A Yorkshire-wide campaign has begun to save the county’s threatened barn owls following drastic habitat loss and freak weather.
Numbers of the ghostly birds (pictured) have declined by 70 per cent since the 1930s, claims Yorkshire Wildlife Trust.
And prolonged snow in March last year hit Yorkshire barn owls extra hard.
Dr Rob Stoneman, chief executive of Yorkshire Wildlife Trust, said: “One of the main reasons behind this 70 per cent decline is the widespread loss of grassland habitat and natural nesting sites.
“Since the end of the Second World War, 97 per cent of the UK’s natural lowland grasslands have either been ploughed up or built upon. Barn owls also have far fewer nesting sites due to tree loss and barn restoration.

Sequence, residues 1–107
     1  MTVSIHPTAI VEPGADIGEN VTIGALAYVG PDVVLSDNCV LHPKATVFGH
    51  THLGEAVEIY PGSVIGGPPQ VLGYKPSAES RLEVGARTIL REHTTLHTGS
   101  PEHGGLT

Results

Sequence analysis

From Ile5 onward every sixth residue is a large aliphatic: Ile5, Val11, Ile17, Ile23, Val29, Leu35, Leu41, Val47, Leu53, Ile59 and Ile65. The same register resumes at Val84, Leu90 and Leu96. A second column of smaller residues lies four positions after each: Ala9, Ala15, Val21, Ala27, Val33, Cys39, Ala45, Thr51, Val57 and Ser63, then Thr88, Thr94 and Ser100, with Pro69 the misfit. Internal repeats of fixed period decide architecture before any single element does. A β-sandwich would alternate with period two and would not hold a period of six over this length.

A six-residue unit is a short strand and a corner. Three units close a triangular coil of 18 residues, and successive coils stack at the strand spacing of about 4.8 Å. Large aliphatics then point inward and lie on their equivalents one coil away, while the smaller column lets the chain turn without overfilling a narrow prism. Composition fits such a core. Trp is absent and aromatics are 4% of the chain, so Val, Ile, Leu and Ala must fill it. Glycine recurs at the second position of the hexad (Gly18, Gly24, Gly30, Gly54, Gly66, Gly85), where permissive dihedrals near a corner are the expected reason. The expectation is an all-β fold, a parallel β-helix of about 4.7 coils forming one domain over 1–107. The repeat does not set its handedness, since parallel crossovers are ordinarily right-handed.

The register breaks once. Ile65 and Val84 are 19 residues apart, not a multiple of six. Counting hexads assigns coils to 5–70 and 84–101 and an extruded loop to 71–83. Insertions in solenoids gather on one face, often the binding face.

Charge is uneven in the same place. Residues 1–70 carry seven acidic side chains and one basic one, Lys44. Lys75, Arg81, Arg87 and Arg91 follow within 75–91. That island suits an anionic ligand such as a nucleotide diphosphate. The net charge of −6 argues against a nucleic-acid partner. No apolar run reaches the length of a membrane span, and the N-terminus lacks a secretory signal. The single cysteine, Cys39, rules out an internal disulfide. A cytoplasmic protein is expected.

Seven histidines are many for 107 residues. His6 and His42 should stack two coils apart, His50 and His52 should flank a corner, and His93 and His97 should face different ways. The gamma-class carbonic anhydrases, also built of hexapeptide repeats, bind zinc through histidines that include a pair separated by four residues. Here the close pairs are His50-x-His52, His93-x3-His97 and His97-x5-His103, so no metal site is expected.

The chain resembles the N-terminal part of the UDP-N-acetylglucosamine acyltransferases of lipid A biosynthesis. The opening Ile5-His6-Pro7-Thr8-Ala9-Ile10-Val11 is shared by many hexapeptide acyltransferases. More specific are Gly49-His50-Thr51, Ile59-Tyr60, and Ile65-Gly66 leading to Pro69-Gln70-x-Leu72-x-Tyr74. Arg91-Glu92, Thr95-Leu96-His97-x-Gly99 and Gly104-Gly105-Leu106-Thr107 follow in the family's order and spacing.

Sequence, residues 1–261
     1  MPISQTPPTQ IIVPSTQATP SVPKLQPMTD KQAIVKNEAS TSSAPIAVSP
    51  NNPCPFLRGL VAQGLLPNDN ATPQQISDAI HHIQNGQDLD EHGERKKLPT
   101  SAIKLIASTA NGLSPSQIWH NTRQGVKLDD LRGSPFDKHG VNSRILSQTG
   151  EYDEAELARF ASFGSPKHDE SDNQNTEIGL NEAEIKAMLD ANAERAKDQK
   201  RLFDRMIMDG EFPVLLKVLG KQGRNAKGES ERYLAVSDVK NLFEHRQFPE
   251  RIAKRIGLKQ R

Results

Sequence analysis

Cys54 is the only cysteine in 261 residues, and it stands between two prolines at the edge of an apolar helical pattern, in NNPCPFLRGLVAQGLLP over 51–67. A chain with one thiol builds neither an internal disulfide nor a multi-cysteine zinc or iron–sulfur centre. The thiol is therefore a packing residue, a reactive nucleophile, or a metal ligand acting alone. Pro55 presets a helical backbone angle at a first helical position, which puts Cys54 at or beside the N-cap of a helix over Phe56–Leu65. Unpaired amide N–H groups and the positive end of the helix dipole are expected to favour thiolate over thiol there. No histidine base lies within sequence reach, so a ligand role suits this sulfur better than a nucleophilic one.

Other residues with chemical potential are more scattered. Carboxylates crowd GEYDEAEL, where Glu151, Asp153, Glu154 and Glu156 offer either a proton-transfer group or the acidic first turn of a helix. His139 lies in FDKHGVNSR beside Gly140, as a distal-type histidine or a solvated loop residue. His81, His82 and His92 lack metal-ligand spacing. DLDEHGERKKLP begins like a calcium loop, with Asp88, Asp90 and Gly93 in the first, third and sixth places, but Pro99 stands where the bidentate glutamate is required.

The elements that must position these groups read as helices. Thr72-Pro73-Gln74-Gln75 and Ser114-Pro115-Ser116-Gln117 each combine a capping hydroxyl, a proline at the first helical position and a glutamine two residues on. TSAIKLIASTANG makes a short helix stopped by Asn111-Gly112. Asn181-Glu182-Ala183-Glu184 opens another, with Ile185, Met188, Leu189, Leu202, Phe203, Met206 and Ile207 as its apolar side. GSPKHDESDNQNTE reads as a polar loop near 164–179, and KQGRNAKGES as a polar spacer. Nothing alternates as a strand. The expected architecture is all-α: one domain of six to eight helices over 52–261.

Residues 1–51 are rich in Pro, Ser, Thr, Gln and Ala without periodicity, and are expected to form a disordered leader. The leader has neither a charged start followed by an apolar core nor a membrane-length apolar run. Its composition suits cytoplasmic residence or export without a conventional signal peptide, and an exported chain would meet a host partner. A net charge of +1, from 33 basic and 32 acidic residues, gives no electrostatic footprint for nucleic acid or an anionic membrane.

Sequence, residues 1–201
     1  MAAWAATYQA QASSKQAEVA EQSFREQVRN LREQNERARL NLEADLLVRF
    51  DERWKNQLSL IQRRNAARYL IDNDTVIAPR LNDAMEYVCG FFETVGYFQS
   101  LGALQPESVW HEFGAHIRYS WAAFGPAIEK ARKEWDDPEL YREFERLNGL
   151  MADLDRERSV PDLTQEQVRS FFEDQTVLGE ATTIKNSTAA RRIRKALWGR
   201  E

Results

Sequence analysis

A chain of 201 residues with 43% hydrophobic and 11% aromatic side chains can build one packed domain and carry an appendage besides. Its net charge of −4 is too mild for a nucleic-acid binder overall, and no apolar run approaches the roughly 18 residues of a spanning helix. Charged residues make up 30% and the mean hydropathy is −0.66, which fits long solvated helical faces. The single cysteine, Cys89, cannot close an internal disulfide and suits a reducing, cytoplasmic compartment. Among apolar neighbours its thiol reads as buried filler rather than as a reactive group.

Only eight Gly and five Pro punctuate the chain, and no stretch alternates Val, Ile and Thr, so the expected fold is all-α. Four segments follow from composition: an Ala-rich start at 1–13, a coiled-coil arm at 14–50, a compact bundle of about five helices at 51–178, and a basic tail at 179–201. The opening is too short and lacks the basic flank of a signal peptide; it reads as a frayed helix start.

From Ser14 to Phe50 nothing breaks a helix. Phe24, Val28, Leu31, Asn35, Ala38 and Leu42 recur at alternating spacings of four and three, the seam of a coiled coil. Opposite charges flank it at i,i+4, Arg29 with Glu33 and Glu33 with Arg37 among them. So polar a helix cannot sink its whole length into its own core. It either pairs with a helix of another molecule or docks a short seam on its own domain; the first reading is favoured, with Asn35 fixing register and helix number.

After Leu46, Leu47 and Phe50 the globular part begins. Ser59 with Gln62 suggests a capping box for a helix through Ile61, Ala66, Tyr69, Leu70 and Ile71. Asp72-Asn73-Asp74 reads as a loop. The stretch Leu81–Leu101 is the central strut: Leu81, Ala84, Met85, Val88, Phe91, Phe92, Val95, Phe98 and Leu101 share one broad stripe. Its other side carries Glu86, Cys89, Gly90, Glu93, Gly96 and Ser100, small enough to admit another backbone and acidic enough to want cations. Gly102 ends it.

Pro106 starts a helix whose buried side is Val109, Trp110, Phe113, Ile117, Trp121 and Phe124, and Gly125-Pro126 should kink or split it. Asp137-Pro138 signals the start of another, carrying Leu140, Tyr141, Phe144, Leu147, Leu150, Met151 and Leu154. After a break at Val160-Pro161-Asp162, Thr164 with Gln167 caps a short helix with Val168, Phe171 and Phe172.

“This loss of habitat, along with the widespread use of agricultural chemicals like rodenticides, left UK barn owls with an estimated 4,000 breeding pairs in the mid 2000’s. Now the number of breeding pairs is thought to be as low as 1,000.
“Whilst we can’t control the weather, we can give barn owls the best possible chance of recovery by providing them with more nesting sites and high quality grasslands over which to hunt.”
To find out more about Yorkshire Wildlife Trust’s campaign visit ywt.org.uk/ barnowl.